Just like little kids, I think our whole class was excited for the class trip on Friday. Get to school early, don steel-toed boots, grab any other gear we wanted, and out to the parking lot for the bus! Or rather, busses. There are 60 in the class, and since someone had said a school bus takes 72, I was a little surprised to see 2 busses in the parking lot. Well, it turns out 2 was a good idea. Not only is it harder to squeeze 2 adults than 2 kids into a school-bus seat, but if you take Hort students to an orchard and a garden center, it is perhaps not surprising that a little shopping gets done along the way.
First stop: Mountain Orchard. A very fast stop, really. We had a ride out to the back of the orchard, picked a few apples, heard a talk by one of the owners about the history of the enterprise and some of the methodologies, trials and triumphs in the business, and piled back on to the wagon to return. Our co-ordinator wanted us back on the bus and on the way to the college ASAP, but gave us 5 minutes to go to the store and make any purchases we wanted. Yeah, you can imagine the bottleneck. Stampede to the store, and subsequent slowdown as two cash registers try to deal with the sudden rush. I think it was a good 15-20 minutes before everyone was back on the bus. I came back with a jug of cider, and a bag of homemade doughnuts.
Being a little late to the college meant that that felt a bit rushed too. The plan had been that we were supposed to be able to watch some of the testing for Landscape Ontario certifications, and do some networking over lunch. Well, by the time my group had been for a talk (a good one, though) by someone in LO, most of the testing stations were being cleaned up for lunch. We had a tour of the stations, minus people actually using them, and sat down to eat lunch quickly. I ate and was looking to see if there was anyone who looked likely for chatting to, getting my courage up - and our co-ordinator spoke up and said we were all to be on the bus in 5 minutes and ready to go. Off again, to our last stop of the day.
I finally thought about getting the camera out when we got turned loose at Rideau Woodland Ramble, with an hour to explore. Big day for them - apparently they were on the Regional Contact segment on the news Friday as well as having all of us show up. As a garden center, they seem to specialize in unusual trees and shrubs, and shade plants like hostas. As a ramble, there's wooded paths, a pond, some garden sculptures and seats, work in progress on a sunken garden and a wildflower meadow - all quite compact, as the property is only 7 acres.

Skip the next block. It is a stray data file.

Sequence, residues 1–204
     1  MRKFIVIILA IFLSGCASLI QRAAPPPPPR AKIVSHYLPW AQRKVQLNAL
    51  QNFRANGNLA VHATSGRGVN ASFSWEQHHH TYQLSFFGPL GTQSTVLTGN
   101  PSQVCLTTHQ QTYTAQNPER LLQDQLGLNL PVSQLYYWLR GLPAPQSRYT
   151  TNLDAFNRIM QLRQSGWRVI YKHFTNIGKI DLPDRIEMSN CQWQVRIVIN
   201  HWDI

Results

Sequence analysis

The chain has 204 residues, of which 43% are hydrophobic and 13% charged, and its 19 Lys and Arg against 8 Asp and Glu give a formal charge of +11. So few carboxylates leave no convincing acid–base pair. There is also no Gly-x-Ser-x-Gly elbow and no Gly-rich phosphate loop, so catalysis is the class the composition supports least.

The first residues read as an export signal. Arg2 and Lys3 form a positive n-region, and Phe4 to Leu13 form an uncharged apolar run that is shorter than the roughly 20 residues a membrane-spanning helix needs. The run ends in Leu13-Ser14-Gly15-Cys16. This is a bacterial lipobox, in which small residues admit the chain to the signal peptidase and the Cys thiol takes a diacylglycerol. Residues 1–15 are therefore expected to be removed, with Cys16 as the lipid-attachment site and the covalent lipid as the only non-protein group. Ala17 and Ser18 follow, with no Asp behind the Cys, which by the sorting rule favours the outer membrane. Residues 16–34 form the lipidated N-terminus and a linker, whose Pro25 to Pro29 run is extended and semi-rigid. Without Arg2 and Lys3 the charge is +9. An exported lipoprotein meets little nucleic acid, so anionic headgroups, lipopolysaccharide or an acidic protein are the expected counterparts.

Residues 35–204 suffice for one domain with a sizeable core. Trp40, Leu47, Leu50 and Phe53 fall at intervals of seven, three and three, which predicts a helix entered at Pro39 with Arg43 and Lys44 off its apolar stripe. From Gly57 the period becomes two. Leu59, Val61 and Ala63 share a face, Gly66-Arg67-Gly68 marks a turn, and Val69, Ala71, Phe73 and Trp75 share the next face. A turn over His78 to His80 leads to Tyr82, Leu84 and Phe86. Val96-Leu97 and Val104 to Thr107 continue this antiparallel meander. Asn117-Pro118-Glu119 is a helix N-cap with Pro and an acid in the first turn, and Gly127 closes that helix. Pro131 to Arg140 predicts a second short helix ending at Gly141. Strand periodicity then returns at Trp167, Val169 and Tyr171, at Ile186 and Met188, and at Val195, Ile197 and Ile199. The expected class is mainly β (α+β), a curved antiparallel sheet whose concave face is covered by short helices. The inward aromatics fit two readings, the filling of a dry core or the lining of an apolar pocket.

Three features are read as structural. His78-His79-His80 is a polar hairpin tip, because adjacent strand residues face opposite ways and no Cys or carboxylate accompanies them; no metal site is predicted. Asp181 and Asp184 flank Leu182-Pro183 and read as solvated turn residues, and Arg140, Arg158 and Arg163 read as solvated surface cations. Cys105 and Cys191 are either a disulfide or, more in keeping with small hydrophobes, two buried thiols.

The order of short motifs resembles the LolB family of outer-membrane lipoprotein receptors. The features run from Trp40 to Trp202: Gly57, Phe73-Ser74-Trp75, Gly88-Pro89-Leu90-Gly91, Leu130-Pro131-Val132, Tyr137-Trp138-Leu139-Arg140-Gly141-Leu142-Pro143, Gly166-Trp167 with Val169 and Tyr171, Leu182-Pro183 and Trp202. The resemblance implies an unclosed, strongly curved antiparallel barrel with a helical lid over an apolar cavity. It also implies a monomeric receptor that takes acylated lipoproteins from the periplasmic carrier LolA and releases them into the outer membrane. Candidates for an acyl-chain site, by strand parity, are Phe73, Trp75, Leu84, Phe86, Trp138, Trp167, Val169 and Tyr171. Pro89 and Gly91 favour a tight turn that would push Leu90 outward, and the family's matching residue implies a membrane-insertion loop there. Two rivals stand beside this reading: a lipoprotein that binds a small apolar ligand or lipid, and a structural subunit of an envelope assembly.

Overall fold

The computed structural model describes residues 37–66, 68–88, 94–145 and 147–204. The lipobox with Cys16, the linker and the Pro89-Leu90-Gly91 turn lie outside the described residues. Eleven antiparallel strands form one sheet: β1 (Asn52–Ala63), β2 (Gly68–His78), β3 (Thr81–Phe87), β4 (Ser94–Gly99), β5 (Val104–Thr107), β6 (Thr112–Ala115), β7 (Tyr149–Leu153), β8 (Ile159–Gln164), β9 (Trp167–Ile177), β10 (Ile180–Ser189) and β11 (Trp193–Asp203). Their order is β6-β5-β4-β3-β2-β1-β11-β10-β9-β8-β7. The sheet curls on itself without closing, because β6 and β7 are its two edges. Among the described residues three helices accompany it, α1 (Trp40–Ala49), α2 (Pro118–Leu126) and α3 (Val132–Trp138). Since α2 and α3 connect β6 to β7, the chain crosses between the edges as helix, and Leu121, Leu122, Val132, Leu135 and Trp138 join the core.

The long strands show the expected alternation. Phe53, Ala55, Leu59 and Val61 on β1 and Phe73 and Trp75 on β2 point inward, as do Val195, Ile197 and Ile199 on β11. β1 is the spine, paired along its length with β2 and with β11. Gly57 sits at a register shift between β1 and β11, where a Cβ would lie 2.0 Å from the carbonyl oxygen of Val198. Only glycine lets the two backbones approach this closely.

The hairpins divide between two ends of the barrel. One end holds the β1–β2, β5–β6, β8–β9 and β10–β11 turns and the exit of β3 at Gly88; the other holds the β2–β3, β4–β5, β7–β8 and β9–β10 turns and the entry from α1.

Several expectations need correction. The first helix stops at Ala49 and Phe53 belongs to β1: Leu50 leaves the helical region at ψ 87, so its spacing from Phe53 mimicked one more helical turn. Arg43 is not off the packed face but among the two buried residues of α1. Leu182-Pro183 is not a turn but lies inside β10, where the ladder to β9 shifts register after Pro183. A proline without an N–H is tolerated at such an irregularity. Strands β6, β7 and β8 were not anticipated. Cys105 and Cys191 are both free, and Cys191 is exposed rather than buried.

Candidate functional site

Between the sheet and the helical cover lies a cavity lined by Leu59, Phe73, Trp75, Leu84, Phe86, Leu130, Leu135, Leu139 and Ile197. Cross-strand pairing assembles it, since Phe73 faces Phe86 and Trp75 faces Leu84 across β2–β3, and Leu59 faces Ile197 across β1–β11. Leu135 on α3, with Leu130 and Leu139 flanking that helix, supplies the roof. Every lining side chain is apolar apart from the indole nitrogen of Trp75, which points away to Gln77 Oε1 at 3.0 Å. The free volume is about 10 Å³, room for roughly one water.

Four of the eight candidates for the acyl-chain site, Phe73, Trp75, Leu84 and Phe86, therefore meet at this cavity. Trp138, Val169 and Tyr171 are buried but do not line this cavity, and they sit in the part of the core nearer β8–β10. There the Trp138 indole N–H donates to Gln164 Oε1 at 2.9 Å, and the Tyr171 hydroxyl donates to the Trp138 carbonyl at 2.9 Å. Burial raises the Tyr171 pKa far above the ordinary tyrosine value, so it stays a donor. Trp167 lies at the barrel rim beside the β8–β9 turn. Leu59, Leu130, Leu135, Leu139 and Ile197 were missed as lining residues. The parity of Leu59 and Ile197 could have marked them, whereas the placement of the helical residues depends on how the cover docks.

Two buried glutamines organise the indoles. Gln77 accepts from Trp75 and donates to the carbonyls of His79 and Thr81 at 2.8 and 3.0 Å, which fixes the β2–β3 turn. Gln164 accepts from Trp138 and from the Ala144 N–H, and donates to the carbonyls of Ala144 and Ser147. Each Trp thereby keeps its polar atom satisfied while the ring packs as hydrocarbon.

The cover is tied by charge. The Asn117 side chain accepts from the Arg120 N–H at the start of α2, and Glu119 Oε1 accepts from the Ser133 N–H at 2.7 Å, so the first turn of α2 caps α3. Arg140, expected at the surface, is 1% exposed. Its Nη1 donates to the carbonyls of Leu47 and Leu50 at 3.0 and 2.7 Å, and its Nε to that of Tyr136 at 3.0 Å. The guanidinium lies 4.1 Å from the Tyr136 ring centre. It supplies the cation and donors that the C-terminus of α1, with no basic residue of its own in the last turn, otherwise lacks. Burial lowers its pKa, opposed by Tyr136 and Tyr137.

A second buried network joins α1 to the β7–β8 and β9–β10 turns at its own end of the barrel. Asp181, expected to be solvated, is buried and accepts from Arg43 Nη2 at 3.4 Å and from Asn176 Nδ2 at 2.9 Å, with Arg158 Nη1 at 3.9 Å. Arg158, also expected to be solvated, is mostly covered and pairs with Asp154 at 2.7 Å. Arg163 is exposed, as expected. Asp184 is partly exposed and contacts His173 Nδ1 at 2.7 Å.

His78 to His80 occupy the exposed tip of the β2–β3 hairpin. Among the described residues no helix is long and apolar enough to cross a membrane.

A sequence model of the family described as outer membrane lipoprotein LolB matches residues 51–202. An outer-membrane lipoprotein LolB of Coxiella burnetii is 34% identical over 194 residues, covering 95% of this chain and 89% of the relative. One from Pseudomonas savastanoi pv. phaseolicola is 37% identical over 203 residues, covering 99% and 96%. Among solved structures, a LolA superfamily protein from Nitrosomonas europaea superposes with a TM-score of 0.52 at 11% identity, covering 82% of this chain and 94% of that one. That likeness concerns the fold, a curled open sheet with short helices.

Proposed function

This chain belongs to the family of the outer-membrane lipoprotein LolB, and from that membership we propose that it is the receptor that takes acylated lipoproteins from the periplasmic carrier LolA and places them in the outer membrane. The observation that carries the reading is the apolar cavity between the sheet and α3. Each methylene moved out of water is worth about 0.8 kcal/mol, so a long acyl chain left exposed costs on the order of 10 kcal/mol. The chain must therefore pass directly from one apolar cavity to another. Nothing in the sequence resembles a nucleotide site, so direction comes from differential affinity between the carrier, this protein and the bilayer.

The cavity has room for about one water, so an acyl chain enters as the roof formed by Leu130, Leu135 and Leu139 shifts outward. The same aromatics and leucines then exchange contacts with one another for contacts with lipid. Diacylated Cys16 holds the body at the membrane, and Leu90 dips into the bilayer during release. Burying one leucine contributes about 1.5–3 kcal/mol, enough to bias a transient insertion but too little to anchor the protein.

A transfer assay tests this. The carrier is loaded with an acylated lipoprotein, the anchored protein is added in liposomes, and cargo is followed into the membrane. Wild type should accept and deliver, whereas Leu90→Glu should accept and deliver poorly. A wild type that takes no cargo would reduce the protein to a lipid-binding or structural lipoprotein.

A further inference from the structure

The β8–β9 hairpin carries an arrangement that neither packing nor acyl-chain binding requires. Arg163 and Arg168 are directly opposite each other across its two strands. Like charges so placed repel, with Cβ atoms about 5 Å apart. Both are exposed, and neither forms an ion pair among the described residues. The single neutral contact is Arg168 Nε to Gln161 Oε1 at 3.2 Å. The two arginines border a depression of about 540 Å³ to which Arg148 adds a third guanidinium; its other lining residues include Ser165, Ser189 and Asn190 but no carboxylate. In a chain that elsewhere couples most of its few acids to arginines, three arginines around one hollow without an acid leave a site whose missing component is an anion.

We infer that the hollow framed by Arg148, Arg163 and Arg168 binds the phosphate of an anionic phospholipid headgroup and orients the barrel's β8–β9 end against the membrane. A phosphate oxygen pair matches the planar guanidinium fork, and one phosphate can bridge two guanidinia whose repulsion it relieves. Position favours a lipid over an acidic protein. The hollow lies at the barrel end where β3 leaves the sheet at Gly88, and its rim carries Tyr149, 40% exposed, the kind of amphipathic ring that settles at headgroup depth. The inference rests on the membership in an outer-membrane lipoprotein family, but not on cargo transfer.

I'm not normally much one for garden sculptures, but they do have a knack. Certainly their choices are a far cry from garden gnomes and flamingos:
And it was nice to have a little color to set off the plants. The emphasis is so much on foliage and form, tranquility and contemplation, that I rather felt glad I had just been reading a chapter on Chinese and Japanese gardens in the history of gardens I got from the library, and so was in the right frame of mind.
The parallel was further carried out by the presence of a North American version of a teahouse - a little cabin, furnished with a couple pairs of tables and chairs, one of the coffeemakers with little individual cups of different teas and coffees (Keurig?), paintings on the walls, and a back entrance facing a spot with a birdbath and some bird feeders. The chickadees were bold and active, and I stood hardly 5 feet away and tried taking pictures of them as they came in for a bathe or a sip. Alas, they were too active for a really clear photo!